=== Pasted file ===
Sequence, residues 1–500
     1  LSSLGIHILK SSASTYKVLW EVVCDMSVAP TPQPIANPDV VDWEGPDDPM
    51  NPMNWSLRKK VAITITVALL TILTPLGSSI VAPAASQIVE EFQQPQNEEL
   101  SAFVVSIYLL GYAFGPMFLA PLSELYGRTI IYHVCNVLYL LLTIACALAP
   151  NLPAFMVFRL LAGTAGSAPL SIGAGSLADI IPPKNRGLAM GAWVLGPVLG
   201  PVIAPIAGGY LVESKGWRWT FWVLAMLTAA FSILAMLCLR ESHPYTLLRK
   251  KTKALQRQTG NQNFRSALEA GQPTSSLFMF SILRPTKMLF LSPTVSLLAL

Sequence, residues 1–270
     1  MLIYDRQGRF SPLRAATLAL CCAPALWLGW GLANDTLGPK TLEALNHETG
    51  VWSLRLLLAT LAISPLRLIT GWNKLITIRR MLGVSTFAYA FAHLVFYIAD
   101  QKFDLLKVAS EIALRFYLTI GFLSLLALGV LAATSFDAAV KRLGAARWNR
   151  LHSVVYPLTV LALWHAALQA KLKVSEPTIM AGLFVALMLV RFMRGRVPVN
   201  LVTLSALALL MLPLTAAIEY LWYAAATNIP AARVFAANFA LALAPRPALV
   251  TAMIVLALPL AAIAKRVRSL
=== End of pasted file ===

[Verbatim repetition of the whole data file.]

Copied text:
Sequence, residues 1–500
     1  LSSLGIHILK SSASTYKVLW EVVCDMSVAP TPQPIANPDV VDWEGPDDPM
    51  NPMNWSLRKK VAITITVALL TILTPLGSSI VAPAASQIVE EFQQPQNEEL
   101  SAFVVSIYLL GYAFGPMFLA PLSELYGRTI IYHVCNVLYL LLTIACALAP
   151  NLPAFMVFRL LAGTAGSAPL SIGAGSLADI IPPKNRGLAM GAWVLGPVLG
   201  PVIAPIAGGY LVESKGWRWT FWVLAMLTAA FSILAMLCLR ESHPYTLLRK
   251  KTKALQRQTG NQNFRSALEA GQPTSSLFMF SILRPTKMLF LSPTVSLLAL

Sequence, residues 1–270
     1  MLIYDRQGRF SPLRAATLAL CCAPALWLGW GLANDTLGPK TLEALNHETG
    51  VWSLRLLLAT LAISPLRLIT GWNKLITIRR MLGVSTFAYA FAHLVFYIAD
   101  QKFDLLKVAS EIALRFYLTI GFLSLLALGV LAATSFDAAV KRLGAARWNR
   151  LHSVVYPLTV LALWHAALQA KLKVSEPTIM AGLFVALMLV RFMRGRVPVN
   201  LVTLSALALL MLPLTAAIEY LWYAAATNIP AARVFAANFA LALAPRPALV
   251  TAMIVLALPL AAIAKRVRSL